The Russian artist Vadim Zakharov launched a protest at the Venice Biennale yesterday. He displayed a protest banner outside the Russian pavilion in the Giardini declaring that “the murder of women, children, [and] people of Ukraine is a disgrace to Russia”. Zakharov represented Russia at the Biennale in 2013 when he showered visitors to the pavilion with gold coins. “I am standing here in front of the Russian Pavilion against the war and against Russian government cultural ties,” the banner said.
Zakharov staged his protest outside the Russian Pavilion yesterday but was eventually removed by the Italian police. “They blocked me,” he says. “It took a while for them to establish who I am. They took away [my protest] poster and a leaflets [with my statement].” He was then released by police. He adds in a statement that “everyone must decide for themselves how to behave in relation to the war in Ukraine which began in 2014 and reached its bloody climax in 2022”.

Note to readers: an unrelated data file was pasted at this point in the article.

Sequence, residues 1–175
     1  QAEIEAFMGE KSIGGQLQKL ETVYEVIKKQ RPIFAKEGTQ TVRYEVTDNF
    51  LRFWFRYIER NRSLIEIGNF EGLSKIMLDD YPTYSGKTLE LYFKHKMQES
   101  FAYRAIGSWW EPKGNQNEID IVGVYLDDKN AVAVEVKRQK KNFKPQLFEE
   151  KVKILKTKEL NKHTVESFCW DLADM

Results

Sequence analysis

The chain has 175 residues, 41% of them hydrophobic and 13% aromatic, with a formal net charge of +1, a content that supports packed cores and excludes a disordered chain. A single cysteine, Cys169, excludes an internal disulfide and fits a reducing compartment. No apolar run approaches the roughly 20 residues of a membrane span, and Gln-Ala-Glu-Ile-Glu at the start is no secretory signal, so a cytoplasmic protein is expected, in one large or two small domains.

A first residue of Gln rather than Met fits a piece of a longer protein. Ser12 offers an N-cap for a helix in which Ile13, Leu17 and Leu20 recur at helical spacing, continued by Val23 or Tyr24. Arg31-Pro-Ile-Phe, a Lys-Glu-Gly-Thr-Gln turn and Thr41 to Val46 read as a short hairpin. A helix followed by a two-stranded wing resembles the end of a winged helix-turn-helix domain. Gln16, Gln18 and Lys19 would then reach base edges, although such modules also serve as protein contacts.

The artist tells The Art Newspaper: “I do not know what the reaction will be, but there will be [a response] for sure. I grew up in the Soviet system. I still have a Russian passport but have lived in Berlin since 2010.” In his lengthy statement, he describes how the war “led to a complete rupture on a family, friendship and personal level”, adding that he prohibits his work and pieces housed in Russian museums and collections from being exhibited there.
The Russian Pavilion is closed after the curator, Raimundas Malašauskas, and the artists Alexandra Sukhareva and Kirill Savchenkov, cancelled their participation in the event in February. “There is nothing left to say, there is no place for art when civilians are dying under the fire of missiles, when citizens of Ukraine are hiding in shelters [and] when Russian protestors are getting silenced,” Savchenkov wrote in a statement posted to Instagram. “As a Russian-born, I won’t be presenting my work at Venice.”
According to his website, a retrospective of Zakharov’s work was held at the Tretyakov Gallery in Moscow in 2006; in 2017, he presented a performance at the Whitechapel Gallery in London called Tunguska Event: History Marches on a Table, marking the centenary of the 1917 Russian Revolution.